No sooner has Mary gone to bed with a nightcap than the baby Jesus is born. Knowing this to be a Truly Great Moment, Joseph e-mails absolutely everyone to tell them of this great news. (He also twitters, blogs, uses facebook and MySpace to make absolutely sure.) It is on 800 Sky programmes, the BBC, CNN and Al Jazeerah with 24/7 radio coverage in 350 languages around the world.
The Zen Takeaway proprietors urge everyone to give up logical thinking and meditate. Don the donkey comes over to bray his congratulations whilst the Sisters of Mercy expertly convey their joy through the medium of sign language. News spreads of this wonderful event and the occupants of the hotel and bed & breakfast community in downtown Bethlehem are soon drawn to the sacred cowshed. They follow a bright shining star as the Bathist and Shiite shepherds facilitate orderly queues.
The Patriarch of Constantinople brings incense and icons from the Oriental and Eastern Orthodoxies and he is joined by three Orishan Santeria drummers who not only drum up the spirits of fortune but also carry sacred flowers from the Water Goddess. An Apache Chieftain gives thanks to the Great Elk and some Plymouth Brethren, a Hollywood Scientologist and the Lulworth WI Choir bring Wassail gifts whilst rapping ‘I saw three ships’.
Everyone is in party mood. The i-pods are switched on, the three wise Bikers: Moshe, Yakimoto and Abdul Ben Nevis, are dispatched for more refreshment that is halal, kosher, conforms to EU regulations, does not have unregulated E-numbers, is low-fat, low carb, no-sugar, umami flavoured, vegetarian – and yet delicious. Hare Ramsey tells them of his brother Gordon’s latest Bethlehem Business, recently opened with the support of a Dragon. That one bright shining star leads them to this special place to collect the food.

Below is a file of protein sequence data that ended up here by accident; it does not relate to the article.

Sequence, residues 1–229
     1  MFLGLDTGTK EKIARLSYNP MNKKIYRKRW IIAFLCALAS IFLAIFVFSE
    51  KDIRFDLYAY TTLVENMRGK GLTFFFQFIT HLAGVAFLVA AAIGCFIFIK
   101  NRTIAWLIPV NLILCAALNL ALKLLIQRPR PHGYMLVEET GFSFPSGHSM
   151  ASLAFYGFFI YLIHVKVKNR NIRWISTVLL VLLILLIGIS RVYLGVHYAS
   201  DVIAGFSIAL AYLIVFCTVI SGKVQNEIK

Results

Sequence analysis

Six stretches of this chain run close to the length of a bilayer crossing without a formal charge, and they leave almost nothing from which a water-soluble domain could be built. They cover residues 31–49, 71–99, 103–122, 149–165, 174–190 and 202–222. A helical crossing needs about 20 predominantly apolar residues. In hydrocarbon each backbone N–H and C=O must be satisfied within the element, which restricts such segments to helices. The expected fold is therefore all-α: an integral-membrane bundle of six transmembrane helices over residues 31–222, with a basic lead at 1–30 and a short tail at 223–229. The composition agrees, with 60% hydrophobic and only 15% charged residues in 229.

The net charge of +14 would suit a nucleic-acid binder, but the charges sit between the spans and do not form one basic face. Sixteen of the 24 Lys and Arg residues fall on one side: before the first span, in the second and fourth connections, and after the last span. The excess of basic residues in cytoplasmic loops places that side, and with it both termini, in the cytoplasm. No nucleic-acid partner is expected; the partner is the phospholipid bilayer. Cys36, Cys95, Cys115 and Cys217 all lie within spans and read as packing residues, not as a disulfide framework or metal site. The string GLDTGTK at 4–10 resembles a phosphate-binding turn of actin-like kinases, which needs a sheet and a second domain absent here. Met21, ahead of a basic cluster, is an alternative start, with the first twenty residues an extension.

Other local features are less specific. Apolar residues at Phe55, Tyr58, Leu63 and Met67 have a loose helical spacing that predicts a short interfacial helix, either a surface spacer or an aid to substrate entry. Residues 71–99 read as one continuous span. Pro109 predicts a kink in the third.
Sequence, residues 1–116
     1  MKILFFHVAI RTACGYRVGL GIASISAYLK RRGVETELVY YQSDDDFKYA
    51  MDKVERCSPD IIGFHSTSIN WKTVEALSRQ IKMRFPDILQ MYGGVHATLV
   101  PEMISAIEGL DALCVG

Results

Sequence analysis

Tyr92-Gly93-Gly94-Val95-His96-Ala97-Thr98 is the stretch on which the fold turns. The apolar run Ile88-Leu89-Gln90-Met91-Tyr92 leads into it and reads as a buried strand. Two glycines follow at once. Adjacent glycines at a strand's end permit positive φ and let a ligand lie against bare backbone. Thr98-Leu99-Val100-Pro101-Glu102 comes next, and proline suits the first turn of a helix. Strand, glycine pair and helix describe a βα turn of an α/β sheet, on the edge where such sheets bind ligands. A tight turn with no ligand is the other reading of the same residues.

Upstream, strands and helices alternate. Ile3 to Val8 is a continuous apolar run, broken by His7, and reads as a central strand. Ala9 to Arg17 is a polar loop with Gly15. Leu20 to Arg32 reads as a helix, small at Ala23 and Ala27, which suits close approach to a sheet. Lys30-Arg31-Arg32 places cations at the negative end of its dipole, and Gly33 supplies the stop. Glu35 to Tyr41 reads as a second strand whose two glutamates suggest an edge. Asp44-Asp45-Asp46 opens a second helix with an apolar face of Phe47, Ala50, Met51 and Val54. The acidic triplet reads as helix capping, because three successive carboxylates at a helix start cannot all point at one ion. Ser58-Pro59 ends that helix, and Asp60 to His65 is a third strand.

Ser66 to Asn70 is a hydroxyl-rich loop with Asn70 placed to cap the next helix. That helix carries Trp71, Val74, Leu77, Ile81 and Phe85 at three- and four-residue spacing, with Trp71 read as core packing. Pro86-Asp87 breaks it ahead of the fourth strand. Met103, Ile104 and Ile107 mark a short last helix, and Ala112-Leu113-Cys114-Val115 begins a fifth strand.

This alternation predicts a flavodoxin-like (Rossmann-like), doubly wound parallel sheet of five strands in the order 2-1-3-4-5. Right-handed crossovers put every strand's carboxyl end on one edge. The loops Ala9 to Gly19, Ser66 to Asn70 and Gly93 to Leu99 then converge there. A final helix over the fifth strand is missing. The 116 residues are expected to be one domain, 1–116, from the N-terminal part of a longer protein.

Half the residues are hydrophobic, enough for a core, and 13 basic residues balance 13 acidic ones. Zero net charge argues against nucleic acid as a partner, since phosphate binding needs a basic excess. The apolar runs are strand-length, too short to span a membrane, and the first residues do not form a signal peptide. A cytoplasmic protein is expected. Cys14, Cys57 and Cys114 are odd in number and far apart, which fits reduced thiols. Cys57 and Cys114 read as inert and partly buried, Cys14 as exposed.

Meanwhile, the Zoroastrian Male Voice Choir, despite coming second to the Hares, leads everyone in Andrew Lloyd Webber’s ‘Love Changes Everything’ from Aspects of Love, and then another Webber favourite with Tim Rice and Elton John – ‘Circle of Life’ from The Lion King, encoring with the Nuns’ Chorus from Abie’s Irish Rose; whereupon the organic oxen begin to low softly in two-part harmony with the camels. (The camels incidentally were left behind by the Bedouin in return for three mobile phones and a couple of Freeview Top boxes.) Passing Druids and Celtic New Age hippies are burning frankincense and myrrh and the twinkling stars direct a pall of incense towards the hole in the ozone layer to send a message to the outer limits of the ionosphere.
Whilst a Carolingian Humanist pipes messages of solidarity to the Anabaptists, Sunni and Shi’a Moslems, who are on their way back from the Hajj, join in the celebrations as it’s past sundown so they can eat and drink. The Candomblé priestesses cast their cowry shells watched by the Quakers who are silently waiting to contribute as the spirit moves them and Guru Nanak from the Punjab Sikhs calls on the Salvation Army to play a selection of classical favourites by the Blackdyke Mills Band.
Finally, the whole diverse community in the Little Town of Bethlehem joins in a rousing finale of Happy Birthday and the curtain closes on the 2013 nativity.
*A nod to Dylan Thomas
Author’s note: If you choose to enact this, please have a retiring silver collection for the Shining Star Home for the Bewildered and Plot Losers in Lulworth.
With my very best wishes for a good Christmas, Diwali, Hanukah and Solstice, and a happy and prosperous New Year …
From Chris xxx